Genetic testing could aid decision-making in cardiovascular healthcare

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Kiran Musunuru

Genetic testing and counselling for inherited cardiovascular diseases may help patients and their families make informed decisions about managing their heart health, according to Genetic Testing for Inherited Cardiovascular Diseases, a scientific statement from the American Heart Association (AHA), published today in the Association’s journal Circulation: Genomic and Precision Medicine.

The statement summarises existing knowledge about the genes or combination of genes that may influence inherited heart diseases and also provides suggestions for best practices for genetic testing.

“Although genetic testing has seen explosive growth in the past few years, both in the clinical setting and with direct-to-consumer testing, genetic testing for heart disease should be reserved for specific patients,” said Kiran Musunuru, chair of the writing group for the scientific statement and professor of cardiovascular medicine and genetics at the Perelman School of Medicine at the University of Pennsylvania, Philadelphia, USA.

According to the statement, cardiovascular conditions that may have an inherited genetic component include cardiomyopathies, thoracic aortic aneurysms and dissections, arrhythmic disorders and familial hypercholesterolemia.

The scientific statement suggests that before considering genetic testing, a healthcare provider should work with the patient to document their family medical history, ideally, going back three generations, to determine if there is a pattern of certain types of heart disease.

It notes that genetic testing should typically be reserved for patients with a confirmed or suspected diagnosis of an inherited cardiovascular disease or for individuals at high risk due to a previously identified disease-causing variant (a gene abnormality that is different from most humans, often responsible for the clinical disease in question) in their family.

Genetic counselling is “essential” before genetic testing to educate patients on the process and potential results, as well as the potential risks and uncertainties related to testing. Counselling is also critical after genetic testing the scientific statement notes, so the counsellor can explain the results and potential consequences for the patient’s health and the health of family members including children.

Since immediate family members—first-degree relatives such as fathers, mothers, siblings or children—might share genetic variants predisposing them to an inherited cardiovascular disease, they are considered to be at higher risk for the same conditions, AHA suggests. Once a genetic variant is identified within a family, all first-degree relatives should consider undergoing genetic testing and counselling for that specific mutation whenever possible.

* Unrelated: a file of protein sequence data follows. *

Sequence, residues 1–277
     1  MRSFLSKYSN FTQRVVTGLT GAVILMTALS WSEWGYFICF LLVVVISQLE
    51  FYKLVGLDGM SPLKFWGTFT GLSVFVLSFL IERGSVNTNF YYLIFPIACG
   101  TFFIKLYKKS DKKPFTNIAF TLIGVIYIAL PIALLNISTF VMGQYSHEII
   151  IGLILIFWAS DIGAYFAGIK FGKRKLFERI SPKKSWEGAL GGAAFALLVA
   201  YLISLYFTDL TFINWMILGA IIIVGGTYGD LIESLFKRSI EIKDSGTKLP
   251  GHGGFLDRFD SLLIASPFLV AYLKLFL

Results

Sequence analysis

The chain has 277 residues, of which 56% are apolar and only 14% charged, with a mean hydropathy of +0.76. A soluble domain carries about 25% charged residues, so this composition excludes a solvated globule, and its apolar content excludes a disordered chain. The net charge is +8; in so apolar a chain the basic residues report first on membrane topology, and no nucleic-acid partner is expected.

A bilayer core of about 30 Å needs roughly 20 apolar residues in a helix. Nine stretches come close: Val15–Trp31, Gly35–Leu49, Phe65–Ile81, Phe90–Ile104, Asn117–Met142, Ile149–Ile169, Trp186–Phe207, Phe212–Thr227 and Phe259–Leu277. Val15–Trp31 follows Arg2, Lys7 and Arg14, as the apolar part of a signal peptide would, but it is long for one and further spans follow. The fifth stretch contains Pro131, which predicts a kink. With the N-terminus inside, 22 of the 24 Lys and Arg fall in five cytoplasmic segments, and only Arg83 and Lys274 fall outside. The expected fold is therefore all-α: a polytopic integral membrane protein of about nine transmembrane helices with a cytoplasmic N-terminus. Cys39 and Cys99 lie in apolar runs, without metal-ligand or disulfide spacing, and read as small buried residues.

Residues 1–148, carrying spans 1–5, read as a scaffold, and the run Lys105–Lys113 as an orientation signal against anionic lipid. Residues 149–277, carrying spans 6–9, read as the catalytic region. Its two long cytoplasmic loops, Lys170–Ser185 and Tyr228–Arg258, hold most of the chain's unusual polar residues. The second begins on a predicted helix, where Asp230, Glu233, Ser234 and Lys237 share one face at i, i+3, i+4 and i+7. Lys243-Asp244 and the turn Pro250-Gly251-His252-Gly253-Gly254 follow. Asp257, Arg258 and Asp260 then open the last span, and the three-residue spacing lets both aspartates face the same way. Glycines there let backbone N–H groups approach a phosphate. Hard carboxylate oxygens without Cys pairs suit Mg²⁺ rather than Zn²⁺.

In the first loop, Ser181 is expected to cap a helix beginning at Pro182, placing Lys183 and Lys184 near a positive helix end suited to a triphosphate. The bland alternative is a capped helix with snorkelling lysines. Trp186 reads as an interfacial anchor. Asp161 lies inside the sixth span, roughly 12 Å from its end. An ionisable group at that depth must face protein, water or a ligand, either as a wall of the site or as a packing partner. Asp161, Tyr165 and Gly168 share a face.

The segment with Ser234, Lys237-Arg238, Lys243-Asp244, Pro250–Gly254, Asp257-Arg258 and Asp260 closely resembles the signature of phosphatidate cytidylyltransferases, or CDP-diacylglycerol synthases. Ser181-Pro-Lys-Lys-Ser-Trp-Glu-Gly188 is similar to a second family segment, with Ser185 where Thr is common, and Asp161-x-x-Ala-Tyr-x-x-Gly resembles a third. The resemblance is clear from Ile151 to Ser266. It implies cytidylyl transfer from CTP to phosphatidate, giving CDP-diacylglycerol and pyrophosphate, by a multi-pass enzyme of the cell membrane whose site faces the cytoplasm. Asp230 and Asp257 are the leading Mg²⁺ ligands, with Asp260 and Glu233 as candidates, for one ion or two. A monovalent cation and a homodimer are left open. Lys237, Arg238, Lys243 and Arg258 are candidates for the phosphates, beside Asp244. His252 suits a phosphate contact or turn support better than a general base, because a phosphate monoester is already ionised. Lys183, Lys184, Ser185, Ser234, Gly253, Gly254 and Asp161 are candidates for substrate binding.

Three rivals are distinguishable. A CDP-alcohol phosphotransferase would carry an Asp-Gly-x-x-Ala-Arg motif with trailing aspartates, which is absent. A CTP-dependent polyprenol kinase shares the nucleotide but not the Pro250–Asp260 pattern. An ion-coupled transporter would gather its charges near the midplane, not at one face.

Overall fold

“With most genetic cardiovascular diseases, inheriting a mutation (or variant) from a parent substantially increases the risk of getting the disease but does not guarantee the disease,” said Musunuru. “In some cases, it might be possible to act early and prevent the disease. In other cases, having the mutation for a genetically caused cardiovascular condition might lead to different and possibly more aggressive treatment.”

Advances in human genetics are improving the understanding of a variety of inherited cardiovascular diseases, AHA noted in a press release, adding however, that there are still limitations. Genetic testing might not reveal a cause or confirm a diagnosis of the patient’s disease.

“Another issue is that we have not yet clarified the full spectrum of genes that are responsible for various inherited cardiovascular diseases—we are still very much in discovery mode, with ongoing research efforts,” added Musunuru. “Genetic testing methods are evolving, and reliable classification of variants identified in genetic testing will remain a preeminent challenge for the practice of clinical genetics.”

The statement was written on behalf of the AHA’s Council on Genomic and Precision Medicine; Council on Arteriosclerosis, Thrombosis and Vascular Biology; Council on Cardiovascular and Stroke Nursing; and Council on Clinical Cardiology.

Co-authors and members of the writing committee are Ray E Hershberger (Columbus, USA), Sharlene M Day (Philadelphia, USA), N Jennifer Klinedinst (Baltimore, USA), Andrew P Landstrom (Durham, USA), Victoria N Parikh (Stanford, USA), Siddharth Prakash (Houston, USA), Christopher Semsarian (Sydney, Australia), and, Amy C Sturm (Columbus, USA). Author disclosures are in the manuscript.


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